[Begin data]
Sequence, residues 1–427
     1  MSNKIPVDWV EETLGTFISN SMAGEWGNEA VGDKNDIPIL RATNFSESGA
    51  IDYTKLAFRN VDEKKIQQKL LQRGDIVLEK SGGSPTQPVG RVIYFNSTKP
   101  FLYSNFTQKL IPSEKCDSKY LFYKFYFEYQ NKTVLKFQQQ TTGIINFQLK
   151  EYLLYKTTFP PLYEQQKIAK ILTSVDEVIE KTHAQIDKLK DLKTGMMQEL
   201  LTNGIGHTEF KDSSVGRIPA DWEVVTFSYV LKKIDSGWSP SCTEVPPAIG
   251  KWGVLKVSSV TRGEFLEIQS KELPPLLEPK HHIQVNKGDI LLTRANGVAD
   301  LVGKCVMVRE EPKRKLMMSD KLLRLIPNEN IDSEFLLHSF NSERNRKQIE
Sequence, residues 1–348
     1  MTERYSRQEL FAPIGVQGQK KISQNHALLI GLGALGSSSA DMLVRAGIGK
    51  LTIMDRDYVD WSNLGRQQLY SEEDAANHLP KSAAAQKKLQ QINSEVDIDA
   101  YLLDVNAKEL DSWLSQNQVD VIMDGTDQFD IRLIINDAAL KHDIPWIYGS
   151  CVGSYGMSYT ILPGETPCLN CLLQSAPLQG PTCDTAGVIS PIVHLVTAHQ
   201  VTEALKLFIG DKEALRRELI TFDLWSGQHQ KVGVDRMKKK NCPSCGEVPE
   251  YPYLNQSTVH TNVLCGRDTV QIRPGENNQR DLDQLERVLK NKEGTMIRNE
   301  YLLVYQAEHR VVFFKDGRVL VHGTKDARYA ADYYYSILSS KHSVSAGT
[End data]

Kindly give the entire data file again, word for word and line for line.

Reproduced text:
Sequence, residues 1–427
     1  MSNKIPVDWV EETLGTFISN SMAGEWGNEA VGDKNDIPIL RATNFSESGA
    51  IDYTKLAFRN VDEKKIQQKL LQRGDIVLEK SGGSPTQPVG RVIYFNSTKP
   101  FLYSNFTQKL IPSEKCDSKY LFYKFYFEYQ NKTVLKFQQQ TTGIINFQLK
   151  EYLLYKTTFP PLYEQQKIAK ILTSVDEVIE KTHAQIDKLK DLKTGMMQEL
   201  LTNGIGHTEF KDSSVGRIPA DWEVVTFSYV LKKIDSGWSP SCTEVPPAIG
   251  KWGVLKVSSV TRGEFLEIQS KELPPLLEPK HHIQVNKGDI LLTRANGVAD
   301  LVGKCVMVRE EPKRKLMMSD KLLRLIPNEN IDSEFLLHSF NSERNRKQIE
Sequence, residues 1–348
     1  MTERYSRQEL FAPIGVQGQK KISQNHALLI GLGALGSSSA DMLVRAGIGK
    51  LTIMDRDYVD WSNLGRQQLY SEEDAANHLP KSAAAQKKLQ QINSEVDIDA
   101  YLLDVNAKEL DSWLSQNQVD VIMDGTDQFD IRLIINDAAL KHDIPWIYGS
   151  CVGSYGMSYT ILPGETPCLN CLLQSAPLQG PTCDTAGVIS PIVHLVTAHQ
   201  VTEALKLFIG DKEALRRELI TFDLWSGQHQ KVGVDRMKKK NCPSCGEVPE
   251  YPYLNQSTVH TNVLCGRDTV QIRPGENNQR DLDQLERVLK NKEGTMIRNE
   301  YLLVYQAEHR VVFFKDGRVL VHGTKDARYA ADYYYSILSS KHSVSAGT